Fourth of July Sunday School Picnic, Patuxent River, Maryland

by Marjory Collins

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Artist Statement

Marjory Collins offers a formal approach in her image of Sunday school attendees enjoying the timeless tradition of an Independence Day picnic. Ladies in fine dresses relax on their makeshift bench. Children wade in shallow water. Men survey the scene (and guide our own eyes to do the same). A weeping willow stands in as picture frame. It all feels a bit like an Impressionist painting come to life. The picture fairly radiates contentment and togetherness. It may be a vintage photograph, but that feeling of communal celebration is something we yearn for even today.

Details

+ Museum quality: archival inks, 100% cotton rag paper unless noted
+ Signed + numbered certificate of authenticity included
+ Handcrafted custom-framing is available

Our quoted dimensions are for the size of paper containing the images, not the printed image itself. We do not alter the aspect ratio, nor do we crop or resize the artists’ originals. All of our prints have a minimum border of .5 inches to allow for framing.

Medium:

Innova Fibraprint Warm Cotton Gloss

Edition Structure:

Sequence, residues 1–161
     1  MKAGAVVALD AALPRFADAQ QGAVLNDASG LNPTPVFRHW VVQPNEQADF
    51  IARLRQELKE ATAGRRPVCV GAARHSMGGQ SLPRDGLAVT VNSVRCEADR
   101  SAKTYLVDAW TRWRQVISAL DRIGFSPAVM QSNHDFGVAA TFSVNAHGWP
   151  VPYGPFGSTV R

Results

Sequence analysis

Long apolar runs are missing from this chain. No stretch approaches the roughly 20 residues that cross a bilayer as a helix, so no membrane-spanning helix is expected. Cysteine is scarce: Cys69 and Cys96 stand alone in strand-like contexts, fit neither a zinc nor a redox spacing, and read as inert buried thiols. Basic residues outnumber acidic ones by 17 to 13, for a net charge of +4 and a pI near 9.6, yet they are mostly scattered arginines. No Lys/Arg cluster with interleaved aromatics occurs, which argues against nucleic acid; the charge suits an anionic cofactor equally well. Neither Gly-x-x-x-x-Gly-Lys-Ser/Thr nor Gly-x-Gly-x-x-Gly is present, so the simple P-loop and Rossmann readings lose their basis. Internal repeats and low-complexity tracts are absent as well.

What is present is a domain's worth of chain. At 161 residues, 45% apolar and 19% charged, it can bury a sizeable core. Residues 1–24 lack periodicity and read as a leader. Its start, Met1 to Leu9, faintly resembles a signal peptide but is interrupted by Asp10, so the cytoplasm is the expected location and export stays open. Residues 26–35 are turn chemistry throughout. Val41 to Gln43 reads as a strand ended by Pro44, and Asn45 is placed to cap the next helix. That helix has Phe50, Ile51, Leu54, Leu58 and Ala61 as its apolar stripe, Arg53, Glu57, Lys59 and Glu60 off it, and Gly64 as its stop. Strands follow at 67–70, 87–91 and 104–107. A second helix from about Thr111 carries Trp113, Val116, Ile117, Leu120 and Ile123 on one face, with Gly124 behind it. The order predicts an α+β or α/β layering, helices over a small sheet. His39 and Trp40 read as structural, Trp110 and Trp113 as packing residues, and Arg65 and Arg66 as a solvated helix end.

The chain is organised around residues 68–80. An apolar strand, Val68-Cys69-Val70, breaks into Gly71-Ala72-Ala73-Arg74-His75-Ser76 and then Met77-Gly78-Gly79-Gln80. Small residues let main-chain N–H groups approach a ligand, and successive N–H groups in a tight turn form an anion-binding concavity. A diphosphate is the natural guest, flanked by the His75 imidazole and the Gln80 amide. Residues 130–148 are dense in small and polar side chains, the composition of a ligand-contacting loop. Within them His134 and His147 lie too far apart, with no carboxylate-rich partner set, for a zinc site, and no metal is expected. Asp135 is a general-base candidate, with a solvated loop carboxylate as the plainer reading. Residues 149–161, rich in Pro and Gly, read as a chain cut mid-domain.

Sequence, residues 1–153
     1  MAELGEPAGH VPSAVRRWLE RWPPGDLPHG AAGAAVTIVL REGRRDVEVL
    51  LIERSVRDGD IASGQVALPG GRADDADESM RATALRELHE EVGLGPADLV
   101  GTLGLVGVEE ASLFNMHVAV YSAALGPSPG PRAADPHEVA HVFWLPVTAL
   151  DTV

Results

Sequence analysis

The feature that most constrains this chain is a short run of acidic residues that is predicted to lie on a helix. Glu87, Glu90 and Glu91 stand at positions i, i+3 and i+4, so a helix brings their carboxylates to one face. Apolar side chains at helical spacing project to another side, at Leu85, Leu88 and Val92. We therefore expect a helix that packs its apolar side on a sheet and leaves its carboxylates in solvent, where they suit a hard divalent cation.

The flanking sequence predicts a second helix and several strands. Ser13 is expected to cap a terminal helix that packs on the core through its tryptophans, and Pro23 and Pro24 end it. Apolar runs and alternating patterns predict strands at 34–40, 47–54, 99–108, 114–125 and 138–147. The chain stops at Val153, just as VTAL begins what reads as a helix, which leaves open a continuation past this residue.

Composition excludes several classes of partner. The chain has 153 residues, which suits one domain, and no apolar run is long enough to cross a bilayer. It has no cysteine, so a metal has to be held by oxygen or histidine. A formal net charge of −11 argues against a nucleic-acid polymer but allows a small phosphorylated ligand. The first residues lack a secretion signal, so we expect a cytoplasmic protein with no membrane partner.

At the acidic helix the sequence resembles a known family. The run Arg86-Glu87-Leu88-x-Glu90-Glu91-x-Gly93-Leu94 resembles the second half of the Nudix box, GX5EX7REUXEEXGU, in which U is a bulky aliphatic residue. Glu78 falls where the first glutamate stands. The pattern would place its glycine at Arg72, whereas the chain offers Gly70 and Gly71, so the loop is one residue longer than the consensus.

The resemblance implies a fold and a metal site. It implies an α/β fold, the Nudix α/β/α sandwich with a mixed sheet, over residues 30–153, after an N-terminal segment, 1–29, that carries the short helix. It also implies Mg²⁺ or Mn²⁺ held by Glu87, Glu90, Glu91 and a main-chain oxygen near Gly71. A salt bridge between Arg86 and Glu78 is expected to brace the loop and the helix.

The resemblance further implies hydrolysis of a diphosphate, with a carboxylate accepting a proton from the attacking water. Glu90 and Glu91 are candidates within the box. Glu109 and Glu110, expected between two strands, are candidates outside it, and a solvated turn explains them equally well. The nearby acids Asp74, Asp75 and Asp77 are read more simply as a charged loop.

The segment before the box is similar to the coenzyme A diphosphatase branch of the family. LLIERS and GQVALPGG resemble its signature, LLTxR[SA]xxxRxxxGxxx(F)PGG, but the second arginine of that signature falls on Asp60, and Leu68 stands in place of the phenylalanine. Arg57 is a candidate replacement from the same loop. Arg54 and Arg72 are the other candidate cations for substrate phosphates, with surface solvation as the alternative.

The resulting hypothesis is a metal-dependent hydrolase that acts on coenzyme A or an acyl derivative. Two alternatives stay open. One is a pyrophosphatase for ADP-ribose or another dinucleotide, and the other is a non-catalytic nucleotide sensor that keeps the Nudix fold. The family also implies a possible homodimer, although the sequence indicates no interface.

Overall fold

8"x8" | edition of 20
11"x11" | edition of 500
16"x16" | edition of 50
20"x20" | edition of 20

Marjory Collins

Marjory Collins described herself as a "rebel looking for a cause." She began her photojournalism career in New York City in the 1930s by working for such magazines as PM and U.S. Camera. At a time when relatively few women were full-time magazine photographers, such major photo agencies as Black Star, Associated Press, PIX, and Time, Inc., all represented her work. In 1941, Collins joined Roy Stryker's team of photographers at the U.S. Office of War Information to document home front activities during World War II. She created remarkable visual stories of small town life, ethnic communities, and women war workers. The more... Read More
than 3,000 images she took in 1942-43 are preserved in the Farm Security Administration / Office of War Information Collection at the Library of Congress Prints and Photographs Division. After World War II, Collins combined three careers--photographer, editor, and writer. She traveled internationally as a freelance photographer for both the U.S. government and the commercial press. She also participated in social and political causes and was an active feminist who founded the journal Prime Time (1971-76) "for and by older women." Her study of the role of older women in society resulted in an M.A. degree in American Studies from Antioch College West in 1984, shortly before her death from cancer in 1985 in San Francisco.– Library of Congress
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